More Zone 1/2 Discussion: Acute Volume vs. Chronic Volume

Any research (as opposed to anecdote) on the adaptations for acute vs. chronic volume of zone 2 work?

For the purposes of discussion: acute volume = length of one LSD training session; chronic volume = total amount training LSD for the season.

Some months, I don’t have the time for even one long weekend ride – the longest may cap out at 2.5-3 hours. But, each week will be 14-16 hours of riding, with the vast majority of it in Seiler’s HR zone 1.

Question: over the course of year, will overall training volume spent below AeT “even out” although there may not be a lot of 4-5 hour rides. Is, say, 700 hours still 700 hours, and the adaptations will happen? Or, would that be less effective than someone else getting the same 700 hours, but with 40+ long, 4 hour rides during that year?

Lets assume the number of interval days are equal between the two riders, as are the number of weight sessions, ability to recover, etc…

I don’t know of any study which looks at this. However, isn’t the point of Z1/2 to cause adaptations through acute volume? The exercise has to causes enough stress to force change.

If A is doing 7x2hr and B is doing 3x4.5hr, the winner will be the highest chronic load of the highest acute volume (Eisenhower Matrix!). They will both eventually plateau; could A reach the same level as B given more time (under the A protocol)?

Don’t know if there is any research.

But, to continue the thought experiment, lets say you compare 2 hours every day (7×2h) with two extremely long days (2×7h). My feeling is that you’d quickly build up tolerance for the 2h rides, and plateau. I’m not sure if you can build up the same tolerance for the longer rides (higher dose) and lower frequency of the 2x7h rides.
The other thing is that while a 2h low-intensity ride is likely sustainable with stored energy, a long 7h ride will probably engage more of the fat-burning system and might bring other physiological systems into play to cope with the sudden high load.

(This is something that could actually tested fairly easily with lactate measurements. Get a group of people to eg commute 2h every day for mayne 12 weeks, and a group of people to spend 12 weekends on the bike. )

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Good point.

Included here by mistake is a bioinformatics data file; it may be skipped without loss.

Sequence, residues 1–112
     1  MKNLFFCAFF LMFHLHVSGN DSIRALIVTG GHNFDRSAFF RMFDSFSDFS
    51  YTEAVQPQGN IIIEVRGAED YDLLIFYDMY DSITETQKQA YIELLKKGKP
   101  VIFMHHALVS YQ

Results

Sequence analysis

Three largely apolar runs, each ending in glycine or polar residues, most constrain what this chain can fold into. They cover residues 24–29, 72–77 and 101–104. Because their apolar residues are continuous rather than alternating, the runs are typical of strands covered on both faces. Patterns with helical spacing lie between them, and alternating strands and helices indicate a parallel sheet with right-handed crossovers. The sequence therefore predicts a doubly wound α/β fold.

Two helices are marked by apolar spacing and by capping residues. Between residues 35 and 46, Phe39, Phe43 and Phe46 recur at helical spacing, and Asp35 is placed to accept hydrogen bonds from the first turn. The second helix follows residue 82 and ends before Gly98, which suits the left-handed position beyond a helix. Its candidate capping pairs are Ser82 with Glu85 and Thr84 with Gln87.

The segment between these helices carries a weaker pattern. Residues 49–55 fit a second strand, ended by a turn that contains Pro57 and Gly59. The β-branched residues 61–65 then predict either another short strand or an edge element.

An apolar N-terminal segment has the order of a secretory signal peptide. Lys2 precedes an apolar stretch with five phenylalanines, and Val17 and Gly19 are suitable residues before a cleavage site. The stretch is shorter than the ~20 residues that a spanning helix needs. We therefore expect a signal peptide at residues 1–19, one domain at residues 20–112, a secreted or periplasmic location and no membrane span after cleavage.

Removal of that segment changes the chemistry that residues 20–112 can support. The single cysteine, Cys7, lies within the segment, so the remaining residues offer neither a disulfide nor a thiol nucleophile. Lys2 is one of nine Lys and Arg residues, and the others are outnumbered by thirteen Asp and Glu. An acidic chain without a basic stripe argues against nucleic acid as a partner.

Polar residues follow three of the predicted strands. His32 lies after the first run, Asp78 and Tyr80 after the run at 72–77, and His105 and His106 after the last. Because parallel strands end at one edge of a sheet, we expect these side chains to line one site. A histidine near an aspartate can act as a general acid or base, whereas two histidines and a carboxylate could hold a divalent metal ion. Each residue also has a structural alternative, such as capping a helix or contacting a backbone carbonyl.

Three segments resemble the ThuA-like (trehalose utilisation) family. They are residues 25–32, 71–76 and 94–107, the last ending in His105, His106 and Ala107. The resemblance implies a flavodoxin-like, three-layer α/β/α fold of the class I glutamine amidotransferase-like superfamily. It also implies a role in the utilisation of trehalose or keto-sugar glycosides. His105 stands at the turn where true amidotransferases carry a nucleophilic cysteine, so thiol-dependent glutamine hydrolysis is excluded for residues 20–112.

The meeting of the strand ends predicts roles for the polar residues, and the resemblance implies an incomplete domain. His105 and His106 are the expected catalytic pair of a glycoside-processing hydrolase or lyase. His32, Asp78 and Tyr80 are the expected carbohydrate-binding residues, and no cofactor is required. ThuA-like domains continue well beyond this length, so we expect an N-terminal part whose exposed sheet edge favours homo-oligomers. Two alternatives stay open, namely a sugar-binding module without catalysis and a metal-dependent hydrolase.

As you said, the physical adaptations could be tested over time (VO2max, AeT/VT1, lactate, muscle samples, etc), I guess the cellular adaptations (mitochondria etc) could also be tested?

I’m planning a cross-country trip this summer. It will be a succession of high volume days
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Not directly, no, although acute volume is one way of creating the conditions for the adaptations to begin.

In relation to the time matched Z2 question, I’d expect 2x6hrs to outperform 7x2hrs, and probably outperform 5x3hrs.

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I doubt there is “data” in the publishable research sense but my guess would be that coaches and athletes do have views based on their experience. And that anecdata is still data

I know for me, blocking long endurance days seems to be beneficial and seems to give good returns in just a few weeks. Obv there’s no counterfactual–there’s no doppleganger version of me that did something different during the same period to compare against–but it seems to work, at least in the “base” period where you are willing to accumulate and carry more fatigue.

What i often do in the base period is intense intervals on Friday (higher intensity than sweetspot; i don’t really view that as high intensity, more like tempo), followed by long day with tempo portions on Saturday, followed by long day with any tempo portions that i can manage on Sunday.

The first time in the year that I do this, i’m shelled for days and have to take a rest week afterwards (so I do it to end a block rather than at beginning).

The second time I do it, I can resume training probably on Tuesday, or maybe wednesday albeit not feeling great (e.g. wouldn’t schedule a important quality workout for that day)

the third and fourth time, I feel fine. And if i slept enough, Whoop and subjective feelings might even tell me i’m ready to rock on Monday morning . . .